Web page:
Getting our priorities right

Editorial, Normal
Source:

The National

IT is human nature to have our hopes deflated if the neighbour has a better deal than us. If the neighbour has a better car or better job or a bigger house, we get plain jealous.
That is to be expected but we plod on in our line of business because ours is the only line of business we know how and it puts the bread on the table.
But sometimes, something snaps and a person looks up one day and says to himself: “I have had enough. I cannot work my guts out for a pittance while Joe Blow has everything without moving a muscle.”
When that happens, you might find the person dangling by the neck from the nearest tree or overdosed or comatose.
These private tragedies have their equal in the bigger business and economic world.
When you talk amounts in the billions of kina such as we do with the liquefied natural gas (LNG) project or amounts in the millions as we do with our big mining projects, they have a dampening effect upon smaller projects.
Those projects, which might be working 16 hours seven days a week, but net only hundreds or thousands of kina, lose their allure.
“Why must I work so hard for a pittance when a Foe man in Kutubu or a Moran man can land hundreds of thousands of kina and all the infrastructure projects he might want without doing anything?”
This kind of thinking might be going on in the minds of people engaged in industries which have sustained hundreds of thousands of people over generations.
Copra, cocoa and coffee industries might be impacted as the nation focuses its attention upon non-renewable but high yielding projects such as the LNG project.
When Ok Tedi copper mine or Porgera gold mine or Kutubu oil field started up, many trade stores closed up and a few cocoa and coffee gardens were abandoned in many parts of the country as the owners sought quick money in mining and oil fields.
A new mine might offer employment and business opportunities but the hidden cost in abandoned trade stores, market produce and small holder estates might equal or be higher than the opportunities offered.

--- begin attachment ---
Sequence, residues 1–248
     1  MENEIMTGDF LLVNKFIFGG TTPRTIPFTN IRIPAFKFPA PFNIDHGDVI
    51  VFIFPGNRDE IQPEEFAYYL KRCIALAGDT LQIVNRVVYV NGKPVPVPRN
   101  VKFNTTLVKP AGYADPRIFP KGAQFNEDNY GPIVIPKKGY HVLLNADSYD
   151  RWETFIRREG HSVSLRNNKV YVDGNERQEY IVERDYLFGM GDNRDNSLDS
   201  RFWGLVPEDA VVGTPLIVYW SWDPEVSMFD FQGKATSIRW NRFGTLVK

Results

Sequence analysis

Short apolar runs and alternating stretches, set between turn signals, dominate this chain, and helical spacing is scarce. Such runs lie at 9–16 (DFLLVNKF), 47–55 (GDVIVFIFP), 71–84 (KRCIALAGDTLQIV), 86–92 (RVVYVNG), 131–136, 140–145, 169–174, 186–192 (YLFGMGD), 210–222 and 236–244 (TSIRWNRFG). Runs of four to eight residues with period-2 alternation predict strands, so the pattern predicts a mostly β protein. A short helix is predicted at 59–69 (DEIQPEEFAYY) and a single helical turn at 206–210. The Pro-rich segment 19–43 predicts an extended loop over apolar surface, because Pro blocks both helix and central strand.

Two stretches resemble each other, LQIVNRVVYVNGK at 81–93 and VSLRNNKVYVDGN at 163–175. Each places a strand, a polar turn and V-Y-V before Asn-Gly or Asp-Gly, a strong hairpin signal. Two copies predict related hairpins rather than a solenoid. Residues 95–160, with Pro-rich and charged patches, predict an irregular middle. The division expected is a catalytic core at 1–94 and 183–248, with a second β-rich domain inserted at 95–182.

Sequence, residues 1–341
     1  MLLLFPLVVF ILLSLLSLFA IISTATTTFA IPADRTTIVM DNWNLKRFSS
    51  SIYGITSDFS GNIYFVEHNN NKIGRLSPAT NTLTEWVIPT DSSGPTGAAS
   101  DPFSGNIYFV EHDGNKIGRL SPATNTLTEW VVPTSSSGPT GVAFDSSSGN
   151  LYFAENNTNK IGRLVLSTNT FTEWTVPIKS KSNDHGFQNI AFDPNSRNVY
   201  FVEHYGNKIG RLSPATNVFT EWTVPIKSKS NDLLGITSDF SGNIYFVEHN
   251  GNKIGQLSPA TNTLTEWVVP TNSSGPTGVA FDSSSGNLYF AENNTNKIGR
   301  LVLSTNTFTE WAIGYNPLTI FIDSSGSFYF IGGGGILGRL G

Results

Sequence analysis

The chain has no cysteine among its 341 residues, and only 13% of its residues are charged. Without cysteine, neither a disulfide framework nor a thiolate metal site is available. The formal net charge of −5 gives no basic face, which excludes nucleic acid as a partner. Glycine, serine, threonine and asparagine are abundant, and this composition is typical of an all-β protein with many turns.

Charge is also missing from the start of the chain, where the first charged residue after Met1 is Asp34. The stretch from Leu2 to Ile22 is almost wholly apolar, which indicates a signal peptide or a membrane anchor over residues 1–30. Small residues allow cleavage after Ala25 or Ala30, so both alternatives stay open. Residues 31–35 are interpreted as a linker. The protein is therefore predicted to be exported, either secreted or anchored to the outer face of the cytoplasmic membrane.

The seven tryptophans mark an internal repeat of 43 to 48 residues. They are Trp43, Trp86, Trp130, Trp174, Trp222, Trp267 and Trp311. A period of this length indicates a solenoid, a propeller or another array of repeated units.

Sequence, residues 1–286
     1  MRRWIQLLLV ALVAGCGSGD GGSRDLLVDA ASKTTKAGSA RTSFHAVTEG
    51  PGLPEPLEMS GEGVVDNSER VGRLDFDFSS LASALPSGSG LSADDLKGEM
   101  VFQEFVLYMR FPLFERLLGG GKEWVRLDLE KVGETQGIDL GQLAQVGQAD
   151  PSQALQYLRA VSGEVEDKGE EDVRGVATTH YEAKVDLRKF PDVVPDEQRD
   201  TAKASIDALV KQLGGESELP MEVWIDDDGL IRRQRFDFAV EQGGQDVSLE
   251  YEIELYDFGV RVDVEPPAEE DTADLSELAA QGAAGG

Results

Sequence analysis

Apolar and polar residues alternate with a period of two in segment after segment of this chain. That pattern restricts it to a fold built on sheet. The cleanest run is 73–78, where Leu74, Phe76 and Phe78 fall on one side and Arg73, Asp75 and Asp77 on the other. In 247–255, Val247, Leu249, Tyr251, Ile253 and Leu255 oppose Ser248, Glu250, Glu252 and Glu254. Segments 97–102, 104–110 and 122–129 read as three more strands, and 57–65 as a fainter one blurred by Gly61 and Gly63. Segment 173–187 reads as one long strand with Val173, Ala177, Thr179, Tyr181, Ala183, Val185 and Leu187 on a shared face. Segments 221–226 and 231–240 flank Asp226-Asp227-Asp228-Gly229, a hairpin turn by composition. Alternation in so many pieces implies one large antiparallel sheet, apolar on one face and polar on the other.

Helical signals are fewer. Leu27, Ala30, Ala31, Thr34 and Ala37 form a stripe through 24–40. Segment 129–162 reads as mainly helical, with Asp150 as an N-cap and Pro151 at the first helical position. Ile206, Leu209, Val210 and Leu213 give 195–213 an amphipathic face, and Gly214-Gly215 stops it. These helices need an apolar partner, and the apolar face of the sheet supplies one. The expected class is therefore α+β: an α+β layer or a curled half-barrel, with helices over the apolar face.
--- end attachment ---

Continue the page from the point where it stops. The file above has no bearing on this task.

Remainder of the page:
Yet this has never really been investigated by the Government and if it has, little has come of it.
While the Government has offered incentives to the LNG project to the point of it being obscene, little has been offered in the areas of renewable resources such as agriculture.
The Green Revolution, about which there has been so much hype, and the National Agriculture Development Plan which has been allocated K200 million in the budget in the last two years, have produced very little of any significance.
There is no new major plantation estate introduced in the country or an old one rehabilitated. Copra plantations are old and the trees very mature and to the best of our knowledge, there are no new plantations of any significance taking their place. More is the fact that those plantations are being overtaken by bush or given over to some other business enterprises.
There is some promise for cocoa yet with a lot of new crops being planted both at plantation and smallholder level.
Coffee is another crop that has suffered much as the mostly smallholder base has shifted to other line of business or plain packed it in because of newer and easier ways of making money which is enjoyed by neighbours.
Other crops and lines of business will follow suit. There has been little sensitivity shown by successive governments towards this very real dilemma.
It boils down to this: Government activity, hype and interest seems concentrated in the ministries of Petroleum & Energy, Public Enterprises, Mining, Forestry and Fisheries and Marine Resources to a little extent to the exclusion of the more important and sustainable (in the long run) ministries of Agriculture & Livestock, Culture and Tourism and Education.
It is important that the Government is conscious that mining, petroleum and gas deposits are few and far in between in this country.
Much of the rest of the country comprises arable land that, for as long as we can remember, including the present, is receiving lip service only.
So long as that continues, the smallholder which comprises individual or small family groups might dry up as people give up the hard work and gravitate towards easier, bigger and quicker money areas such as major resource areas.
That is a tragedy that is already happening and warrants urgent addressing.